While Heron’s Key officially opened just several days ago, there were quite a few friendships that were formed long before this Life Plan Community opened. More than a dozen men formed a group called the Woodshop Club, a group in which attendees regularly meet to create various pieces of wood.
The Woodshop Club, formed by Al Vasquez and Dick Abrams, started about a year ago when Heron’s Key Charter Members filled out forms stating their interests. Al and Dick recognized there was an interest by a number of men to form a woodshop group, so they started contacting people to find out their particular interests in woodshop, as well as their experience. Craig Russell, one of the members, organized a field trip to Emerald Heights, sister community of Heron’s Key in Redmond, to learn from their Woodshop Club. They gained some advice about starting the group and helped establish what tools were needed to begin.
Within the past year, the members of the group have been corresponding back and forth to gauge what tools are still needed and what members will be bringing to the group. Any excess tools will be donated to Habitat for Humanity.
When asked why they decided to form the group months before the community opened, Russell stated, “There were a number of benefits. One being that we needed to identify what tools we have amongst us and what tools we’ll need to purchase. We also wanted to learn what interests people have within the group whether it be toy making, building shelves and cabinets, making furniture, etc. Finally, we wanted to establish a comradery between the members, not only for the group, but we’re all neighbors, so it’s good to get a sense of who you’ll be living next to before the big move.”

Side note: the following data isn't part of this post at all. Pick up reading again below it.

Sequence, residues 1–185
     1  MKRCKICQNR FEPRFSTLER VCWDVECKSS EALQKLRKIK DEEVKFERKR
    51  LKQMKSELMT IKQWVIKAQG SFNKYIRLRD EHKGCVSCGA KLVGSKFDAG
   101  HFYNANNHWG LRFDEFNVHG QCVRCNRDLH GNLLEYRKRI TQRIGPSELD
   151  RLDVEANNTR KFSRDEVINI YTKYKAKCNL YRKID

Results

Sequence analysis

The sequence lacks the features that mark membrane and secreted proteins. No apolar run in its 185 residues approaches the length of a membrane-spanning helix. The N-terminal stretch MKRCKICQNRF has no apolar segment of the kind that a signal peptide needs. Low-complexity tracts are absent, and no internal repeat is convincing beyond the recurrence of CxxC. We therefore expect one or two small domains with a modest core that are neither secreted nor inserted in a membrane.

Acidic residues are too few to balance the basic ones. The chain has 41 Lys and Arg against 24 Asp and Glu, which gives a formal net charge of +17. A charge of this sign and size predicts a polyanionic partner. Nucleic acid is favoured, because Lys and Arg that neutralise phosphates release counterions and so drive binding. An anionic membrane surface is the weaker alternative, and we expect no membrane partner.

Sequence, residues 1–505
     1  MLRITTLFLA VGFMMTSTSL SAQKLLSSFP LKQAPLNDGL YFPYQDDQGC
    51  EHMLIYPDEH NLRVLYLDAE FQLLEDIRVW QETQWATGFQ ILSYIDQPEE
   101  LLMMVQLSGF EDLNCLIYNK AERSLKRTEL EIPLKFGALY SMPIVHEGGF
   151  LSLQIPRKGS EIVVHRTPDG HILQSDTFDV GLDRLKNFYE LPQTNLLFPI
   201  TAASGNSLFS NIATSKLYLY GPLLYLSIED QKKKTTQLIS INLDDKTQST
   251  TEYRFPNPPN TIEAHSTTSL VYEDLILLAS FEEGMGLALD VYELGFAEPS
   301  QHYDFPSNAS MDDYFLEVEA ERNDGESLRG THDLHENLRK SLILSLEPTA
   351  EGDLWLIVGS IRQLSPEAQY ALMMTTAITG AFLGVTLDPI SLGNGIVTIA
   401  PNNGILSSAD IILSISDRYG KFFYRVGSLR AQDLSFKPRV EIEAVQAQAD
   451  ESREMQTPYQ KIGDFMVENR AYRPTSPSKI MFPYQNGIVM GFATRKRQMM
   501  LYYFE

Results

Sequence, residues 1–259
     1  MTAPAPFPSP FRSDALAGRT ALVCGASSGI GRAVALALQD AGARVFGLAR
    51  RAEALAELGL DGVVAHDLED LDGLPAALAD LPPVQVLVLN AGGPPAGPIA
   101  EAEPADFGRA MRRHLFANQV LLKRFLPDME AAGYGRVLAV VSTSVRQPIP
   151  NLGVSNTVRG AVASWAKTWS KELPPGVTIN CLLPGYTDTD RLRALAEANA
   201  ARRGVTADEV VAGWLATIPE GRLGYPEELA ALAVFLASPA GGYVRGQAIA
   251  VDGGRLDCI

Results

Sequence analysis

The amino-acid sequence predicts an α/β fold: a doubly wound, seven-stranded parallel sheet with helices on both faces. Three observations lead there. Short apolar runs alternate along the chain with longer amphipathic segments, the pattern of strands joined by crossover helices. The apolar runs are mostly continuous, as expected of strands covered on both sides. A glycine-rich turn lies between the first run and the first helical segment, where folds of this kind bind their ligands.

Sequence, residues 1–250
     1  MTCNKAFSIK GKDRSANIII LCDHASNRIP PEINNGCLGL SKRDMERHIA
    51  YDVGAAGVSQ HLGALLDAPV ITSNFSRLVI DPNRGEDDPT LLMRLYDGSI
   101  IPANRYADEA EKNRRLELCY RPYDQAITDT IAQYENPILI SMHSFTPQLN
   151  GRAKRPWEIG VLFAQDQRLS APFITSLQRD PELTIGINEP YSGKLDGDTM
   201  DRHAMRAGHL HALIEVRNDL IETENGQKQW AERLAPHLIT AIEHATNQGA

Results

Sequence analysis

The Woodshop Club is not going to be one of formality with scheduled meetings. It’s more project driven, so while some members will use it for fun and miscellaneous crafts, the club will mainly be used for building things around Heron’s Key, such as shelves for residents, items for a railroad club, raised beds for a community garden, repairs for a resident, and more.
The group is open to anyone and everyone, but experience is needed to use some of the power tools. “There are safety regulations we need to abide by, but we want this club to be open to anyone who is interested,” said Abrams. “We will be holding training programs to get residents with little experience up to speed, and we’re excited to introduce a new hobby to residents!”
Russell shared that the group came up with a mission statement to describe their passion and purpose for the Woodshop Club: To build and provide value for the Heron’s Key community and be of value to the Gig Harbor community, as well with toymaking and any other services we can provide.
Both Russell and Abrams are thrilled to start working regularly with individuals that share the same passion. “It’s been a very active group thus far, so I expect it to only grow in size and passion as time goes on,” said Russell. “We are truly excited and look forward to our futures building together at Heron’s Key!”